There's A Reason The ACLU Issued A Travel Warning For Arizona: Non-resident Citizens Could Face Arrest There

[media id=17393] The ACLU raised all kinds of hackles the other day from defenders of Arizona's police-state immigration law, SB1070, when it issue

The ACLU raised all kinds of hackles the other day from defenders of Arizona's police-state immigration law, SB1070, when it issued a travel warning giving all out-of-state Latinos a heads up about the potential problems they face if they travel there:

The nation's top civil liberties group on Wednesday issued travel alerts for Arizona, saying the state's new law cracking down on illegal immigrants could lead to racial profiling and warrantless arrests.

American Civil Liberties Union affiliates in Arizona, New Mexico and 26 other states put out the warnings in advance of the Fourth of July weekend. The Arizona chapter has received reports that law enforcement officers are already targeting some people even though the law doesn't take effect until July 29, its executive director said.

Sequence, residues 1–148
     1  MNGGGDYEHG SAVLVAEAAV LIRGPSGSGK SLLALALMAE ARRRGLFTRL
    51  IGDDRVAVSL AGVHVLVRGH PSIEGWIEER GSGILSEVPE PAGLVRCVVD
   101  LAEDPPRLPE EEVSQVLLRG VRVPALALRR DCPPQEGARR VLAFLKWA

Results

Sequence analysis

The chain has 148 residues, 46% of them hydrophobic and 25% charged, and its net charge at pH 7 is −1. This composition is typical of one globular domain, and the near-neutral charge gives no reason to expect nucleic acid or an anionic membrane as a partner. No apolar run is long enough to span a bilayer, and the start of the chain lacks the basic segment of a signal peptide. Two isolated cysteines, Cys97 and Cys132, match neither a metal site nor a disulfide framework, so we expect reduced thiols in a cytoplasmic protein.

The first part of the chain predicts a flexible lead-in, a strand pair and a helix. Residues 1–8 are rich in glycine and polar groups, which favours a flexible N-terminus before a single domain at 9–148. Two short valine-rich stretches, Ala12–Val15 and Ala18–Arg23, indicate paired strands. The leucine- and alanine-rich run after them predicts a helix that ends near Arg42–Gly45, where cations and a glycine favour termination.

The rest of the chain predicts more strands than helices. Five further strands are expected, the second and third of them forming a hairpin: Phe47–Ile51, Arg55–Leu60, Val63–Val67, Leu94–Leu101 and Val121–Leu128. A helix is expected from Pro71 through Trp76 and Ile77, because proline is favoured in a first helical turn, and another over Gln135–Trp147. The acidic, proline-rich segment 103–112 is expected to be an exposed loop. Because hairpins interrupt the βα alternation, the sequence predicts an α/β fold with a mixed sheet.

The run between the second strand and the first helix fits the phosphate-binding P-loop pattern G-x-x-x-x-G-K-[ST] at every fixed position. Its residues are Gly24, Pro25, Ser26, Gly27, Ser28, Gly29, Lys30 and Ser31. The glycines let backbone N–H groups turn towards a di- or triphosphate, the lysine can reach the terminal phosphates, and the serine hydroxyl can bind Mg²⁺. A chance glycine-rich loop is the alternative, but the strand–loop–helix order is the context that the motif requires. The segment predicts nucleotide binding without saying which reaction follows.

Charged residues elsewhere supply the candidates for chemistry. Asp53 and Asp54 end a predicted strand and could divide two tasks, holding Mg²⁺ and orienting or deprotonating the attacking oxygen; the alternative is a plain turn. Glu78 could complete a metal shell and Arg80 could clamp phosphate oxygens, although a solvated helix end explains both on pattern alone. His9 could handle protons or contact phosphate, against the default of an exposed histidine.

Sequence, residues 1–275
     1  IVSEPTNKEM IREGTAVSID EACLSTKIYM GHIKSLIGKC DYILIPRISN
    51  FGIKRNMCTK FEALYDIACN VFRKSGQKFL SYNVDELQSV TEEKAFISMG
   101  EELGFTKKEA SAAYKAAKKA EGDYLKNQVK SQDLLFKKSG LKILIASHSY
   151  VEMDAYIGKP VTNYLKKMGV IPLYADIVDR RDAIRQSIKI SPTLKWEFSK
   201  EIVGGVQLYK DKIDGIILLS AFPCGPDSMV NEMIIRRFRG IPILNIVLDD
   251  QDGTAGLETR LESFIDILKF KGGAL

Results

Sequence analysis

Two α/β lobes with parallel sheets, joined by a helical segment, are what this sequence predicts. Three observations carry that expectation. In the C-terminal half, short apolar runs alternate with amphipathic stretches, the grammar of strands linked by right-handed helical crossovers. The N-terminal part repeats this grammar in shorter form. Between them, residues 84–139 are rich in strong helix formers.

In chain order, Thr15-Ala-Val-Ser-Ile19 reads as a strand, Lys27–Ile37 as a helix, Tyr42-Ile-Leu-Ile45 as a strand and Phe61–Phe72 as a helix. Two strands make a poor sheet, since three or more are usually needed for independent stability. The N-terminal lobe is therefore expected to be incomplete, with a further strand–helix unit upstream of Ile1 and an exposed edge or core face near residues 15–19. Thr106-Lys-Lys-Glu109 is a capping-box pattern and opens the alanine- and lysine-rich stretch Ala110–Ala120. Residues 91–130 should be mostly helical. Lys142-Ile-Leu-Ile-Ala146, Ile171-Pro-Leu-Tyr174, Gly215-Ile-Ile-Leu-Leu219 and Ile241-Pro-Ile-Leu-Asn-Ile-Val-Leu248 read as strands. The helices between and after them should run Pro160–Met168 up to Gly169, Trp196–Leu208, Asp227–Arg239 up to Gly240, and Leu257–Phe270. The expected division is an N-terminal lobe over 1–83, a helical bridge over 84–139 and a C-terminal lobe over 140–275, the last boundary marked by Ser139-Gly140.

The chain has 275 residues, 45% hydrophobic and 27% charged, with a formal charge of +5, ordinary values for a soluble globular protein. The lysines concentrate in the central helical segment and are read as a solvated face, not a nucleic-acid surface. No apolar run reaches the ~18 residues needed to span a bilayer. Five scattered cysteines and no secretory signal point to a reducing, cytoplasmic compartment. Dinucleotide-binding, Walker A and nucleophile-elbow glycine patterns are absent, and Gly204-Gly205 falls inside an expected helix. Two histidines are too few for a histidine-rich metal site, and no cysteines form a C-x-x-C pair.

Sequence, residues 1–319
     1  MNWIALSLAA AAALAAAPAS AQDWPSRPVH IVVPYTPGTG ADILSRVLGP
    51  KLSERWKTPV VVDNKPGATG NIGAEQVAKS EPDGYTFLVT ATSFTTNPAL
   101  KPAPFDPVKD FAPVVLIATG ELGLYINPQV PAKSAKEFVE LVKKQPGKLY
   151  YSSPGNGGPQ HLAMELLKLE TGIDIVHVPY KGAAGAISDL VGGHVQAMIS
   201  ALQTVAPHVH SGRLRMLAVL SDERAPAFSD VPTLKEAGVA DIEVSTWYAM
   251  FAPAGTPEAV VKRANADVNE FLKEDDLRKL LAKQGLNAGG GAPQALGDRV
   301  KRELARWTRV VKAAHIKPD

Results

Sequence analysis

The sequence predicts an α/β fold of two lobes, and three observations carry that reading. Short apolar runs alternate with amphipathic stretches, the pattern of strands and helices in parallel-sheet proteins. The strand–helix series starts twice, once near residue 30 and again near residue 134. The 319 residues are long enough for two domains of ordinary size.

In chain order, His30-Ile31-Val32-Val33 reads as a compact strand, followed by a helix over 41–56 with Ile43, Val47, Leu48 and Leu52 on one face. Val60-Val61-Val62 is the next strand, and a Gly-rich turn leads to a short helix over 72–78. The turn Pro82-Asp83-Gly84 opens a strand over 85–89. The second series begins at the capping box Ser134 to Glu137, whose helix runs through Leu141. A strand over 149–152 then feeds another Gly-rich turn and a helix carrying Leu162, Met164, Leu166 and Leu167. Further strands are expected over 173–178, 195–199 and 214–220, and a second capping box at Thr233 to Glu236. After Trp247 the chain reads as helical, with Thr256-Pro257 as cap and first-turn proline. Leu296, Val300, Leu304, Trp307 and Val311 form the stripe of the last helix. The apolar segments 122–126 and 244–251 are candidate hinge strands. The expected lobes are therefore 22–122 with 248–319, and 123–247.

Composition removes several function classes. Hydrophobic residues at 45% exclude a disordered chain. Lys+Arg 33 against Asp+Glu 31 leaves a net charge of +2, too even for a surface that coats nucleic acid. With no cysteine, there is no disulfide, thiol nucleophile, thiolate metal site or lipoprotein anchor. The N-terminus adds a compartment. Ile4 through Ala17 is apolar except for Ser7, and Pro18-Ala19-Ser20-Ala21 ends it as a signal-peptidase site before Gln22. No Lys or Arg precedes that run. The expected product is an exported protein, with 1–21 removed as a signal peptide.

The alerts are designed to teach people about their rights if police stop and question them.

The Arizona law requires police, while enforcing other laws, to question a person's immigration status if officers have a reasonable suspicion that the person is in the country illegally. It also makes it a state crime for legal immigrants to not carry their immigration documents and bans day laborers and people who seek their services from blocking traffic on streets.

Attorneys defending the law against constitutional challenges filed by the ACLU and others argue that the Legislature amended it to strengthen restrictions against using race as the basis for questioning by police. Five lawsuits are pending in federal court, and the U.S. Justice Department is believed to be preparing a legal challenge.